Discarding constitutes a substantial waste of resources that threatens the sustainable exploitation and economic viability of fisheries. The Food and Agriculture Organisation of the United Nations estimates that over 7 million tonnes - 8 % of the total global fish catches - are discarded yearly.
EU Commissioner for Environment, Maritime Affairs and Fisheries Karmenu Vella said: "These plans are a major step forward as the fisheries concerned are very significant. Landing what is caught is a start – but more importantly perhaps these plans should lead to more selective fishing, which will help stocks recover and ensure a stable income for our fishermen."
The discard plans adopted today determine which demersal fisheries in the Atlantic will be subject to the landing obligation, while also setting out certain exemptions. The first group of exemptions, so-called de minimis exemptions, allows discarding a small percentage of catches in fisheries where increasing the selectivity is difficult or where handling costs are disproportionately high. The second, so-called survivability exemption allows discarding species that have a high chance of surviving.
All exemptions have been set taking into account available scientific advice and following discussions with scientific advisory body STECF. Certain exemptions will be reassessed in 2016 taking into account additional supporting information from Member States.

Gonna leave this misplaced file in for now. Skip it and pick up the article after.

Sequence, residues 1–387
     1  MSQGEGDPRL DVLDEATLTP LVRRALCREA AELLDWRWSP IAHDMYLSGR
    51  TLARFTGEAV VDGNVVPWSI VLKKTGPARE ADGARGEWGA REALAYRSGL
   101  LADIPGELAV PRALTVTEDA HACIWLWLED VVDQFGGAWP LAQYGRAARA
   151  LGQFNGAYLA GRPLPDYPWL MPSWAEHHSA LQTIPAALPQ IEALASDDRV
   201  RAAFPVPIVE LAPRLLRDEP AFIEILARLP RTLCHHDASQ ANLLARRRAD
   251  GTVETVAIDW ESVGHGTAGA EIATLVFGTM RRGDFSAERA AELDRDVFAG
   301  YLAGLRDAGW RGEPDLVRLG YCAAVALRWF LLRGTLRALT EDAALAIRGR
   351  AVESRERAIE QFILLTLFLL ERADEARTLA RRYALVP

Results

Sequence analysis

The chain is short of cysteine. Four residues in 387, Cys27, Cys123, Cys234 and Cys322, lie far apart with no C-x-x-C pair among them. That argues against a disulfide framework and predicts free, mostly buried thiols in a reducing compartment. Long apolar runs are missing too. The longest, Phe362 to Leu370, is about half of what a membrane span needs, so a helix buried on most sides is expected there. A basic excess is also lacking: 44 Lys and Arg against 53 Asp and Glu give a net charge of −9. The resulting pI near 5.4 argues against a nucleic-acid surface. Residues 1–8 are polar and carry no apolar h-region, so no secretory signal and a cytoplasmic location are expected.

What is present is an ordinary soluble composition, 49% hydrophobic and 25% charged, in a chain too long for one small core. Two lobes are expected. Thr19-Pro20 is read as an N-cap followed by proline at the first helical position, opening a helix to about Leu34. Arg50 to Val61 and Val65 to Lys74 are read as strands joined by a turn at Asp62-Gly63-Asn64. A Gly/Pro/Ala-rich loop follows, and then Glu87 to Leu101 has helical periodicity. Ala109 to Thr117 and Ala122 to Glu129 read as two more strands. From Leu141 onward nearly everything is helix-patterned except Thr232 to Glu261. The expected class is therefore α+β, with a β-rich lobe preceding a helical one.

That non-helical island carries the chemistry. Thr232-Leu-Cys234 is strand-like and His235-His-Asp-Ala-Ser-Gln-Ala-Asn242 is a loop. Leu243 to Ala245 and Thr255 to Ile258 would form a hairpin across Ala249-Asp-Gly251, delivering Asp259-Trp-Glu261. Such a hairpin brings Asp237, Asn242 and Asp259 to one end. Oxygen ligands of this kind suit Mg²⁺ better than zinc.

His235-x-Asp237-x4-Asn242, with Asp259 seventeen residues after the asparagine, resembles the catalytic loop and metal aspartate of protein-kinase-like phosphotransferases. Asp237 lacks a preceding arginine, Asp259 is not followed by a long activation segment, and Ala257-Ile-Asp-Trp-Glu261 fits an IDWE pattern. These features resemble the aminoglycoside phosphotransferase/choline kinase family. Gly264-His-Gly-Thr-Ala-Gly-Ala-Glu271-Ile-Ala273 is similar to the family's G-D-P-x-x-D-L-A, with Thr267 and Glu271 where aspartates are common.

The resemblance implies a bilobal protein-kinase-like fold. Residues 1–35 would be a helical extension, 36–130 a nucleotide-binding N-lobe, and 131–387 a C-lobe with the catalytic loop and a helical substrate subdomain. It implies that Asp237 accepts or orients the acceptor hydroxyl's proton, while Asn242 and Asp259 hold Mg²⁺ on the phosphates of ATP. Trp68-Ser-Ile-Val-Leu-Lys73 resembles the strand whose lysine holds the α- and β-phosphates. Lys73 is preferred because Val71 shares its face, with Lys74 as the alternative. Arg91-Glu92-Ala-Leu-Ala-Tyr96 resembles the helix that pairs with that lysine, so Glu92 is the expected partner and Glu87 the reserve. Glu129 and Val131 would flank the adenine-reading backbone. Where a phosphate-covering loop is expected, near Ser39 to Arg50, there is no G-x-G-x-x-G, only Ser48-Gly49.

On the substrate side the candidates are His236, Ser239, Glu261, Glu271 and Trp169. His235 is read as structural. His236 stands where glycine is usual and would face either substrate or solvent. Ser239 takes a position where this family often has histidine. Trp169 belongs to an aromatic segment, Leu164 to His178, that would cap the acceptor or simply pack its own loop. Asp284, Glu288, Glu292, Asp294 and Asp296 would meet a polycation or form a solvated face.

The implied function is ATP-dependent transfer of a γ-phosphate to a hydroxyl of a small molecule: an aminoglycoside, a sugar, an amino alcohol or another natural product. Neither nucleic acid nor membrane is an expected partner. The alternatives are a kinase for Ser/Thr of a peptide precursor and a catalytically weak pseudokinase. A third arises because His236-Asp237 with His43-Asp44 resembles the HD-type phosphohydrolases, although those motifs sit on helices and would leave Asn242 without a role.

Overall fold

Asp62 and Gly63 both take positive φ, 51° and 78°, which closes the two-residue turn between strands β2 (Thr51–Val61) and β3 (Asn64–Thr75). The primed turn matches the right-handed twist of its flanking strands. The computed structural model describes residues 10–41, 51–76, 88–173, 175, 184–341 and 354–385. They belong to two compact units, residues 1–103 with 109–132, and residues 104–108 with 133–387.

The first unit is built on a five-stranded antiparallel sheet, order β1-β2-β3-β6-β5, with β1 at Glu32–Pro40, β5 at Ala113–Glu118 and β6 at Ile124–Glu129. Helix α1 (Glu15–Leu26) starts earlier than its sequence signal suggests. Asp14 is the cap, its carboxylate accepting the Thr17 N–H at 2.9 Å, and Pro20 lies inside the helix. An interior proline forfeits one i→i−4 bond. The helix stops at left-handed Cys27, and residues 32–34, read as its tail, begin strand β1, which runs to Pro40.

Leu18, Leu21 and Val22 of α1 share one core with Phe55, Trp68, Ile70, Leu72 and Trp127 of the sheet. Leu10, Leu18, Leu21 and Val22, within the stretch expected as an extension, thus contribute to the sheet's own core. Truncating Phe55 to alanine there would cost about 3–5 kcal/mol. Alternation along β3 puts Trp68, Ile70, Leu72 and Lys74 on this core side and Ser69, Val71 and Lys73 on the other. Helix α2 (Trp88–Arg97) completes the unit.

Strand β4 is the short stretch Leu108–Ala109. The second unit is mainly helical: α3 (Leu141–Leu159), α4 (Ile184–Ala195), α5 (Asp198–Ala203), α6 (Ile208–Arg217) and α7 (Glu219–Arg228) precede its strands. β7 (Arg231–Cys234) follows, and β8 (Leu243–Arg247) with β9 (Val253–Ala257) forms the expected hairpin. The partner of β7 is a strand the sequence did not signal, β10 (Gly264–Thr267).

The discard plans will apply from 1 January 2016 for a maximum period of three years. However, they may be revised to bring additional fisheries under the landing obligation.
The reformed CFP aims to make EU fisheries more sustainable. Between 2015 and 2019, EU fishermen will therefore gradually be required to land all fish they catch.
The CFP entails several provisions to facilitate the implementation of the landing obligation. They include specific flexibility mechanisms that should be implemented through comprehensive multiannual plans, or, in the absence of multiannual plans, through so-called discard plans. Discard plans are envisaged as a temporary measure with a maximum duration of three years. They are developed as joint recommendations agreed by Member States from the same region or sea basin.
Today's discard plans are not the first to be adopted: in October 2014 the Commission adopted discard plans for pelagic and industrial fisheries in all EU waters and for fisheries for cod in the Baltic. These plans have been applied since 1 January 2015. The Commission also expects to adopt a discard plan for demersal fisheries in the North Sea this year.